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Labour Markets

New Zealand has a decentralised labour market. Enterprise bargaining predominates in the negotiation of the terms and conditions of employment. The Employment Relations Act 2000 provides the statutory framework that supports the building of productive employment relationships. The legislation protects the integrity of individual choice in terms of freedom of association and union membership and the choice of collective and individual employment agreements. It also promotes collective bargaining, requires the parties to employment relationships (unions, individual employees and employers) to deal with each other in good faith and promotes mediation to assist in the early resolution of workplace disputes.

In 2010, the Government made several amendments to the Act in order to increase choice and flexibility, ensure the balance of fairness between employers and employees is appropriate for both parties, improve the operation and efficiency of the legislation and reduce its compliance costs.

A set of minimum employment standards also underpins employment relationships and protects the more disadvantaged in the workforce. Relevant legislation includes the Minimum Wage Act, the Equal Pay Act, the Holidays Act and the Parental Leave and Employment Protection Act. In 2012, the Minimum Wage Act was amended to introduce a 'starting-out' wage. This change came into effect on 1 May 2013.

Employment grew strongly prior to 2009, with annual growth averaging 2.4% over the four years to September 2008. During 2009, the lagged effects of the weakening economy flowed through to lower demand for labour, with employment contracting 2.3% in the year to December 2009.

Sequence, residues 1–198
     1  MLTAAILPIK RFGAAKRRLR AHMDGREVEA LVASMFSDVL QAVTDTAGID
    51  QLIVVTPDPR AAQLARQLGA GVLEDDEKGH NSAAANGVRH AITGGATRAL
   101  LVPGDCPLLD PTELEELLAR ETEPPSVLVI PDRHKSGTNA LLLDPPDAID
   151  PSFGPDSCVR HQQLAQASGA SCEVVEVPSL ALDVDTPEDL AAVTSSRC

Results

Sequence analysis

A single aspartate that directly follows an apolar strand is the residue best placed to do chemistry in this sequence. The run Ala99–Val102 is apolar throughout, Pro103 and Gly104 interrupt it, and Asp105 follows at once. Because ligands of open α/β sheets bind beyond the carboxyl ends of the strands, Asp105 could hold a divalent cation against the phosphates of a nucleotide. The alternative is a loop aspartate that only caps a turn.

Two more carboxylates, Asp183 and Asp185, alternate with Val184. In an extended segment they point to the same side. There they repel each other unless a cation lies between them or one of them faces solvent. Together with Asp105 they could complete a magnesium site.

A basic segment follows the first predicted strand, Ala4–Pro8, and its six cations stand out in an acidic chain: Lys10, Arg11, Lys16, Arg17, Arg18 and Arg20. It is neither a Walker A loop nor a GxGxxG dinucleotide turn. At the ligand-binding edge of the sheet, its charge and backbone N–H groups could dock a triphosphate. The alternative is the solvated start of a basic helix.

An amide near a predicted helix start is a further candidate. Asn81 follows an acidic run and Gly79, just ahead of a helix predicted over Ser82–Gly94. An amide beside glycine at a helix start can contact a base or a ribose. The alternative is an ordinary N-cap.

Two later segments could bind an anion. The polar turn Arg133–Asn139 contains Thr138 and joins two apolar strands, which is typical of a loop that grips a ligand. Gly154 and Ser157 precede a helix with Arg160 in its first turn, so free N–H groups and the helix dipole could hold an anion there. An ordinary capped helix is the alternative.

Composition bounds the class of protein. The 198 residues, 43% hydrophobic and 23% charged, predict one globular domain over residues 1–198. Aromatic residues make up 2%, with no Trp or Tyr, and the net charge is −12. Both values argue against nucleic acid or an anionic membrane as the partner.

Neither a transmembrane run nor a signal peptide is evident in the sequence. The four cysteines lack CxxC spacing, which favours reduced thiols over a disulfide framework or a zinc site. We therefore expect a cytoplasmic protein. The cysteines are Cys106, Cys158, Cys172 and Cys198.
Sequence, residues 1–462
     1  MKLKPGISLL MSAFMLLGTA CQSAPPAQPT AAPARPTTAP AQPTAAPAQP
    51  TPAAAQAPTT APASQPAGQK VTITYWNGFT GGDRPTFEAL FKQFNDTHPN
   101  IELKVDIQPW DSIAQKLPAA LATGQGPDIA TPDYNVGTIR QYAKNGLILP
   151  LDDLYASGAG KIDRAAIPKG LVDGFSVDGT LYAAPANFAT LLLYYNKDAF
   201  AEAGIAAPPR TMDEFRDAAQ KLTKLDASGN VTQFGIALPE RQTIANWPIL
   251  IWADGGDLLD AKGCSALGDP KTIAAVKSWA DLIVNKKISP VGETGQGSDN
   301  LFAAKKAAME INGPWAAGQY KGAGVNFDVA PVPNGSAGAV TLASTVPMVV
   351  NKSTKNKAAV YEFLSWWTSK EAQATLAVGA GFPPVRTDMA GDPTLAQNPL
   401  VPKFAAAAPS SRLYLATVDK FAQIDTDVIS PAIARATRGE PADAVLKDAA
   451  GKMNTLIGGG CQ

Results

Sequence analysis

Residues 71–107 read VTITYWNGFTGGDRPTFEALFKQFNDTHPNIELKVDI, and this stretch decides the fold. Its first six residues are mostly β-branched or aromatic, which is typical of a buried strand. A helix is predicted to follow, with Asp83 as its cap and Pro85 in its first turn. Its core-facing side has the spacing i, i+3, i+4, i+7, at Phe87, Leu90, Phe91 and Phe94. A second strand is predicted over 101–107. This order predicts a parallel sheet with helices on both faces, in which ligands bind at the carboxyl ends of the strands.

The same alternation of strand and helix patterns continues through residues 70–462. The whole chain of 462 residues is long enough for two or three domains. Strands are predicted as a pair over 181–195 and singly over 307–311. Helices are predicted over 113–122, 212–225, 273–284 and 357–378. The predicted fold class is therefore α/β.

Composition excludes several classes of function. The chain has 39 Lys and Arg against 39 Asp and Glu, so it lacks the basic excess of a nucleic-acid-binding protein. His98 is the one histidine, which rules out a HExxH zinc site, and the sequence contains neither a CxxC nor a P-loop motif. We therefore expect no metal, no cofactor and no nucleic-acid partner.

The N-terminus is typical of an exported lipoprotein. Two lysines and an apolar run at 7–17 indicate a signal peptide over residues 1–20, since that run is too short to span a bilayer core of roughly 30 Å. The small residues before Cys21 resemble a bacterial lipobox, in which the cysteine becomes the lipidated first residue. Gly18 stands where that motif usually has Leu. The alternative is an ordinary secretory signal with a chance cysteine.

As the economy slowed, the unemployment rate increased sharply from a record low of 3.5% in December 2007 to 6.9% in December 2009. The unemployment rate fluctuated between 6.2% and 7.2% until 2012, in part owing to a volatile participation rate. Since the September quarter 2012 the unemployment rate has fallen from 7.2% to 6.0% in December 2013, with strengthening employment growth and an increasing participation rate. The positive outlook for the New Zealand economy points to a continued reduction in unemployment in future years.

The Canterbury earthquakes initially had a negative impact on the labour market, with employment falling 8.3% in the region in the year to December 2011. Despite this, employment overall was up 1.6% in the year to September 2011. More recently, labour market statistics for Canterbury have strengthened with employment rising 4.5% since the December quarter 2011. As the Canterbury rebuild gathers pace, employment is expected to pick up more substantially.

Annual growth in labour productivity peaked in March 2008 at 4.3% before contracting by 3.1% in March 2009. Productivity growth rebounded in the year to March 2010 (up 3.9%) as employers absorbed underutilised labour, but remained negative for most of 2010 and 2011. The decline in annual productivity growth coincided with soft GDP growth over this period, which restrained firms' demand for labour. Modest GDP growth and weak employment growth saw labour productivity grow strongly over 2012 with annual growth reaching 4.6% in the year to September 2012. Stronger growth in employment and hours paid, at the same time as slower GDP growth, led to falls in productivity growth of 0.2% in the year to the June quarter 2013.

New Zealand's relatively high rate of job turnover and of firm creation and destruction suggests that there are few regulatory and institutional impediments to employment, investment and innovation. Government policy is directed to building up skill levels in the workforce and to addressing skill shortages.

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